The latest entry in the ‘truth is stranger than fiction’ genre is The Duke – the final feature from versatile director, the late Roger Michell. This is the story of the improbably named Kempton Bunton (Jim Broadbent), an irascible campaigner for pensioners’ rights, women’s suffrage and, in his spare time, a would-be playwright. Quite why his script The Adventures of Susan Christ never found an audience is anybody’s guess.
It’s the early 1960s and ,while England’s capital is celebrating a new-found sense of freedom, life on the gloomy streets of Newcastle is a somewhat bleaker prospect, as Bunton stumbles from job-to-job, constantly losing them because of his propensity to stand up against any signs of injustice he encounters. His long-suffering wife, Dorothy (Helen Mirren), slogs her guts out as a home help to her more affluent neighbour, Mrs Gowling (Anna Maxwell Martin), in order to make ends meet. She is mortified when her husband is obliged to spend a short spell in prison for non-payment of his TV licence (free TV for OAPs being his current pet project).
Meanwhile the couple’s younger son, Jackie (Fionn Whitehead), dreams of building and selling luxury boats, while his brother, Kenny (Jack Bundeira), has his own run-ins with the police to contend with.
And then a valuable painting of The Duke of Wellington by Goya is ‘borrowed’ from the National Gallery – and when it winds up hidden in the back of the Bunton’s wardrobe, it’s only a matter of time before the merde hits the fan.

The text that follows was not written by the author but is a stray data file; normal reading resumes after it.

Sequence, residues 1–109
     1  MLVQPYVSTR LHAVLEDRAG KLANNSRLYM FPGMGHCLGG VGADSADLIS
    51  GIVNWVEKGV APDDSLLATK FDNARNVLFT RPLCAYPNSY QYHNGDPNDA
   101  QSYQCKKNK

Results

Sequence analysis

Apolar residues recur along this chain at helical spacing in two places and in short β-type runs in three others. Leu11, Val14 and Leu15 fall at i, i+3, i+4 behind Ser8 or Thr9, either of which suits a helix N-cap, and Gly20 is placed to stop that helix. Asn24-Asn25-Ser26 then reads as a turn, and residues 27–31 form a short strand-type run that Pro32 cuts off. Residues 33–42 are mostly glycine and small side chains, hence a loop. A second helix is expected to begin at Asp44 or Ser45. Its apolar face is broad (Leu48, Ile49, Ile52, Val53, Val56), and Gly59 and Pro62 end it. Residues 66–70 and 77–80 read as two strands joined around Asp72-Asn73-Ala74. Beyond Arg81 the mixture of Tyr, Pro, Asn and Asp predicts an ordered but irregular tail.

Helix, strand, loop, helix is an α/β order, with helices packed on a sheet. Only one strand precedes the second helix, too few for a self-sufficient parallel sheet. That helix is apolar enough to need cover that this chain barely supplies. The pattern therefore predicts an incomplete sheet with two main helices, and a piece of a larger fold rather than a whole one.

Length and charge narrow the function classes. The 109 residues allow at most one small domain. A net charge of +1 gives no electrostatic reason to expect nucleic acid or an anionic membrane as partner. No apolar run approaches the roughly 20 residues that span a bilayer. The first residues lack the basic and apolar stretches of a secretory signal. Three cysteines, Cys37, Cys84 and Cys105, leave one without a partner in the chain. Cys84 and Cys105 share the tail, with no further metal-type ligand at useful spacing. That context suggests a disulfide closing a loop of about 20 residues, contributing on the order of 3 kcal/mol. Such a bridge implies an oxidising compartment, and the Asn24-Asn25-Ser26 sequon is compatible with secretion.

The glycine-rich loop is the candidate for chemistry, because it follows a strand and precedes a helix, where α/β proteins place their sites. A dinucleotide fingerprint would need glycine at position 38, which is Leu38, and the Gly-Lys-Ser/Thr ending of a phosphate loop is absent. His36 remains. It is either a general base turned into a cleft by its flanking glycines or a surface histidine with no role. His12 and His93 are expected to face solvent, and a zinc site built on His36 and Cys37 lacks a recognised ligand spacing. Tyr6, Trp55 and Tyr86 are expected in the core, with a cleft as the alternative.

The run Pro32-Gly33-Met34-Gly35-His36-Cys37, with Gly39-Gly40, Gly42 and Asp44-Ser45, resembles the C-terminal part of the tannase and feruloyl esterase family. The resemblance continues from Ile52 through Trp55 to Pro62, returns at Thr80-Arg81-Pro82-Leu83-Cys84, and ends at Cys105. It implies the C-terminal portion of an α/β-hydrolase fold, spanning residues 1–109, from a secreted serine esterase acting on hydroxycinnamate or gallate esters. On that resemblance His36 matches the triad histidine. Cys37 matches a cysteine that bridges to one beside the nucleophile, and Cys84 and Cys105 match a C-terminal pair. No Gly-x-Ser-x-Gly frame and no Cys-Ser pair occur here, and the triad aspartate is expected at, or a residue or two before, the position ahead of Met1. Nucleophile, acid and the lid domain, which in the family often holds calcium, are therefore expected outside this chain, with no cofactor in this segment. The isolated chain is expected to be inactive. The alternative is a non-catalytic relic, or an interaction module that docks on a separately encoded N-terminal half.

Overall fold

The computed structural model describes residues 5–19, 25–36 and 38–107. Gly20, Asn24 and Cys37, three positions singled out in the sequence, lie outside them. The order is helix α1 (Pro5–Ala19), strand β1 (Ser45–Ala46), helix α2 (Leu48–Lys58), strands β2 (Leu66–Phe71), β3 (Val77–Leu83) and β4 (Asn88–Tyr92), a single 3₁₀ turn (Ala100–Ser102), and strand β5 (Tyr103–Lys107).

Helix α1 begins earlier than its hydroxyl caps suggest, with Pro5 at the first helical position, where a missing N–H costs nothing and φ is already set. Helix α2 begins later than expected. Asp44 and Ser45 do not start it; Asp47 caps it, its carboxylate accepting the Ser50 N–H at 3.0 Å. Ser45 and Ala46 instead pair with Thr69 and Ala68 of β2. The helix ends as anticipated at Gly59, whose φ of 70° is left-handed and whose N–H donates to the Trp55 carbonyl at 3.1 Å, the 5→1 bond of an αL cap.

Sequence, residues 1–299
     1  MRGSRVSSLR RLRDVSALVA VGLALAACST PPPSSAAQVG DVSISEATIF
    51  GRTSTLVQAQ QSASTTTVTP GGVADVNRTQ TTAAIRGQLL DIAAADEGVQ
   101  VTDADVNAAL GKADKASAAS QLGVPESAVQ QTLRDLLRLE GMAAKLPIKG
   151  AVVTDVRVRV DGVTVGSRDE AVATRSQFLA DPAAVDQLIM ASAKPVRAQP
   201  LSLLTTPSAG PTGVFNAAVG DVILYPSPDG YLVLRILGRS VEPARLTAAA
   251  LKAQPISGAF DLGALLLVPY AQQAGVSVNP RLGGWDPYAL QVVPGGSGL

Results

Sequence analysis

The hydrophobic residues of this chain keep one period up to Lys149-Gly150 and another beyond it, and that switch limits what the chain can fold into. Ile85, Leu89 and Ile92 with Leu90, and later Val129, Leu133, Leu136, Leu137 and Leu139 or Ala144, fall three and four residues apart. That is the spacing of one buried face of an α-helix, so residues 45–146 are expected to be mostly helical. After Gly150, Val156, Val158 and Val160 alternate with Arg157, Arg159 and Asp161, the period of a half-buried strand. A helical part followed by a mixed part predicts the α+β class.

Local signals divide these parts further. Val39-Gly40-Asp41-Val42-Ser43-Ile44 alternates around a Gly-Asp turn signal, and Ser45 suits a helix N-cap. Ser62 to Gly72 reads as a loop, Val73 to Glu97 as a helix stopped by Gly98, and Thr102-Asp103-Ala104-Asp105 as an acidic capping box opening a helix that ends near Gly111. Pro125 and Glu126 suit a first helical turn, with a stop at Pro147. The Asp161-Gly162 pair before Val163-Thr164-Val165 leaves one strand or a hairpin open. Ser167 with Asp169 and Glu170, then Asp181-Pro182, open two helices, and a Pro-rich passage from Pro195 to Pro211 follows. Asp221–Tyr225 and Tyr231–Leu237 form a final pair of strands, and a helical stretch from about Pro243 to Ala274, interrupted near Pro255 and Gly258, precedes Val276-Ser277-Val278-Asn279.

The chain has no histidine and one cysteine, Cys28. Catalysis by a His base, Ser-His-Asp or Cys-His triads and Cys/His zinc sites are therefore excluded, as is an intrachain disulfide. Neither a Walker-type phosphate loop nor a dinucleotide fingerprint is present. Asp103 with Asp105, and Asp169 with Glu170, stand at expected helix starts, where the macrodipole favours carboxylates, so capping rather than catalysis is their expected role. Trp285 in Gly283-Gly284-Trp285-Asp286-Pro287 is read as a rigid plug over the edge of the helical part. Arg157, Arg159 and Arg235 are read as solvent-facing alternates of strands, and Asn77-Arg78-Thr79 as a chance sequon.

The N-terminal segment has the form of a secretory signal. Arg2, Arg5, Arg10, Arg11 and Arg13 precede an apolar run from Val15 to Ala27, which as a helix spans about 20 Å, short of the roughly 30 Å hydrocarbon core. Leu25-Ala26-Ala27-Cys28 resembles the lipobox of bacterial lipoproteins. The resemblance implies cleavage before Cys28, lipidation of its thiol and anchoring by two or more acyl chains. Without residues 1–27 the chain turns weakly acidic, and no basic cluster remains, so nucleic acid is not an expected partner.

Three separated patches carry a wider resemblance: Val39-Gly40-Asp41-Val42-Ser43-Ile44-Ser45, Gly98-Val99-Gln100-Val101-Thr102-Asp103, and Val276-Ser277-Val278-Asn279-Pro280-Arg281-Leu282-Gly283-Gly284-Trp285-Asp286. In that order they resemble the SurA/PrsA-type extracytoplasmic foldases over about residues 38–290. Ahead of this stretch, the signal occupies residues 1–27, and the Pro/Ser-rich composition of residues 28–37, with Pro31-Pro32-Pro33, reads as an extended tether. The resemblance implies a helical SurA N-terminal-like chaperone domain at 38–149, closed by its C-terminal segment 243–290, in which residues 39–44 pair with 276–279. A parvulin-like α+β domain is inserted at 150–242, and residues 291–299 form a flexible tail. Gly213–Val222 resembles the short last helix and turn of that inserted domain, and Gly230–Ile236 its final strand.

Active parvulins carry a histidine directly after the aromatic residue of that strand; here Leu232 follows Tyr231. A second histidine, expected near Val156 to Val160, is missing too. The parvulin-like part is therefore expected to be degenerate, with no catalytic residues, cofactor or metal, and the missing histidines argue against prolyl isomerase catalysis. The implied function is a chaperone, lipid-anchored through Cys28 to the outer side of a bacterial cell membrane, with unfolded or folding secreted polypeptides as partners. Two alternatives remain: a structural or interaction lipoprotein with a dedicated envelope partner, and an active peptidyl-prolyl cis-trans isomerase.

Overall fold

The Duke is an irresistibly enjoyable piece that manages to evade the cosy complacency of so many films aimed at more mature audiences. Michell’s direction cleverly juxtaposes glossy widescreen shots of London with the grubby, timeworn realities of 60s Newcastle and the humdrum rigours of everyday working-class life are convincingly captured. The Buntons feel like real characters rather than archetypes. A past sadness that Kempton and Dorothy share is skilfully revealed in Richard Bean and Clive Coleman’s canny script – and there’s also a twist to the tale that genuinely takes me by surprise.
But this is surely Broadbent’s film. He’s terrific in the central role, making us genuinely care about a character who was, by all accounts, a bit of a wastrel. The penultimate scene where Bunton stands up in court to discuss the art theft with his barrister, Jeremy Hutchinson (Matthew Goode), had me laughing out loud and is probably worth the price of admission all by itself. Meanwhile, Mirren handles her role as the family matriarch with her usual aplomb and even manages to knit aggressively.
I’m hoping that some enterprising theatre will finally decide to stage one of Bunton’s lost plays – I’d love to see whether Susan Christ achieves her ambitions – but until that happens, The Duke is sure to send you on your way with a smile on your face.